Let's head specifically to the Microsoft corner of the gaming market with a game spearheaded by some well known minds within the industry, such as Armature Studio, devised up of many former Metroid Prime devs, as well as Keiji Inafune, whose reputation has recently been damaged, but before all that, he worked on the Mega Man franchise with Capcom. ReCore is an intriguing undertaking, and an original game that the Xbox One needs more of to strengthen its appeal. Exploring the open world surroundings of ReCore's realm, players take on the role of Joule as she wanders the world, battling enemies with heavy weaponry, entering mines and dungeons to solve puzzles and find materials, and discover what happened to the once great colony of Far Eden, her former home and what is now dangerous desert. ReCore: Definitive Edition recently released at the end of August, offering new areas and story elements. It's my hope that somehow this update on the game gets a new market for the game, as if not, it might teach Microsoft the long lesson about creating new franchises for its Xbox brand.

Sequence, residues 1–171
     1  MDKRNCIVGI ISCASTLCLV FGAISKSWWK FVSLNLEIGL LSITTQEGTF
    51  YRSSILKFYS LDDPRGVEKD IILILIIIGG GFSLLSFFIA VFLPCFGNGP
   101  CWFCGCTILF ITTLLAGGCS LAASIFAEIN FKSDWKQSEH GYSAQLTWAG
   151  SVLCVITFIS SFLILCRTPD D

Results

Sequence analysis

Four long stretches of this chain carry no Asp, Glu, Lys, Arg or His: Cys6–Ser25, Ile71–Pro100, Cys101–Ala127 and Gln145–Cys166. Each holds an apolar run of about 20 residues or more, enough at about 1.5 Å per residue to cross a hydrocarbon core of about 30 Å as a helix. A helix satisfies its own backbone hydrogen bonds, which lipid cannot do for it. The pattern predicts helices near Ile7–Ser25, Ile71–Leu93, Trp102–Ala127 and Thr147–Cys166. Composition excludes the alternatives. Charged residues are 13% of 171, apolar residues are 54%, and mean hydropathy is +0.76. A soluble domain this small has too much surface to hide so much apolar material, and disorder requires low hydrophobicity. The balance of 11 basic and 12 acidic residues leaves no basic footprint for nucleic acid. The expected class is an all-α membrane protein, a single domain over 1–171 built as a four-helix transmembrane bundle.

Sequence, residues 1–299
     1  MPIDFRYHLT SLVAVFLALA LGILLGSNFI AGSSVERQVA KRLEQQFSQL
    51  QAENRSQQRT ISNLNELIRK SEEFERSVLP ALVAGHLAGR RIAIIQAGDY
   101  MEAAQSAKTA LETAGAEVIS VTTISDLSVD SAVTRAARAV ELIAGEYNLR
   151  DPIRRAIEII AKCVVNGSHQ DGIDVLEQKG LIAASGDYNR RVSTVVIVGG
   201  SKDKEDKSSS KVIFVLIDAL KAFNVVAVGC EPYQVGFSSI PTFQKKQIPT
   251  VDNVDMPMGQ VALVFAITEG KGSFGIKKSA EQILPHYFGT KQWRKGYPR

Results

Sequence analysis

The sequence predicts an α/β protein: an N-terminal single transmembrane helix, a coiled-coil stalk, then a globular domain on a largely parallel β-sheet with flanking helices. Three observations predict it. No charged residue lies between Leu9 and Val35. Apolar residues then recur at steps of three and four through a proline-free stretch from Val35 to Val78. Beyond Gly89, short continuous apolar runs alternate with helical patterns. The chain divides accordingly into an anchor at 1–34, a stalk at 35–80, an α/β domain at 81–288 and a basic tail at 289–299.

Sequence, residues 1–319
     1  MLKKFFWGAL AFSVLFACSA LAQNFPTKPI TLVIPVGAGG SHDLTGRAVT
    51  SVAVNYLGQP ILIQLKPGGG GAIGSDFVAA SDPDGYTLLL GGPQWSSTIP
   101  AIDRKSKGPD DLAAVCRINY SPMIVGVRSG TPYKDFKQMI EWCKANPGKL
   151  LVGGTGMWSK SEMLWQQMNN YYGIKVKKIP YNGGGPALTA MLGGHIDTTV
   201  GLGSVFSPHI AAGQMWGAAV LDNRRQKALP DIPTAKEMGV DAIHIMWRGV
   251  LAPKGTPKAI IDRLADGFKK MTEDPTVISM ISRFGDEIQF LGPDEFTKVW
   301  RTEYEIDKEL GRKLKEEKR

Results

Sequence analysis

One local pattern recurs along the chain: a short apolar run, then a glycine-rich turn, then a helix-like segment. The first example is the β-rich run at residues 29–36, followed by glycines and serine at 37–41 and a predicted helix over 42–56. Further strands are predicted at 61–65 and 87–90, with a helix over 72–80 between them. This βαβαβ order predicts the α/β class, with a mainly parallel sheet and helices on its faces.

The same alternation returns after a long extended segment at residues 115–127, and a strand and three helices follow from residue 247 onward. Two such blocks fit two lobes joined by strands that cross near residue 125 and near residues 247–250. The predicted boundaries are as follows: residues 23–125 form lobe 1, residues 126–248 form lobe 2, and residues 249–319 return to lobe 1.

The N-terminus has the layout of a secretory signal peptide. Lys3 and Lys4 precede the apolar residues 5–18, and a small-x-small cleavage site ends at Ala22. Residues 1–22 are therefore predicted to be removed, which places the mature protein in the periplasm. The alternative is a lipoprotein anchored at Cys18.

Knack II (PS4)


The original Knack launched with the PlayStation 4 several years ago, and even though it sold relatively well (especially in Japan, though the game was bundled with the system), the critic and fan opinion of Knack was anything but solid. In fact, it was pretty awful, resulting in ironic memes being posted on how Knack was the second coming and so forth. Despite the notoriety of Knack, a second game released, Knack II, and the opposite of the original game happened. While the critical opinion was greater, the sales were weak at best. A true shame as Knack II offers much more variety, enjoyable platforming, engaging combat, and stellar visuals to make one package that is both a pleasure to play and a joy to look at. Regardless of the sequel's poor sales, here's hoping a third game somehow gets greenlit in order to round out the series and provide context into Knack's mysterious past. (Yes, believe it or not, there are dozens of us wanting to see Knack as a series expand even further.)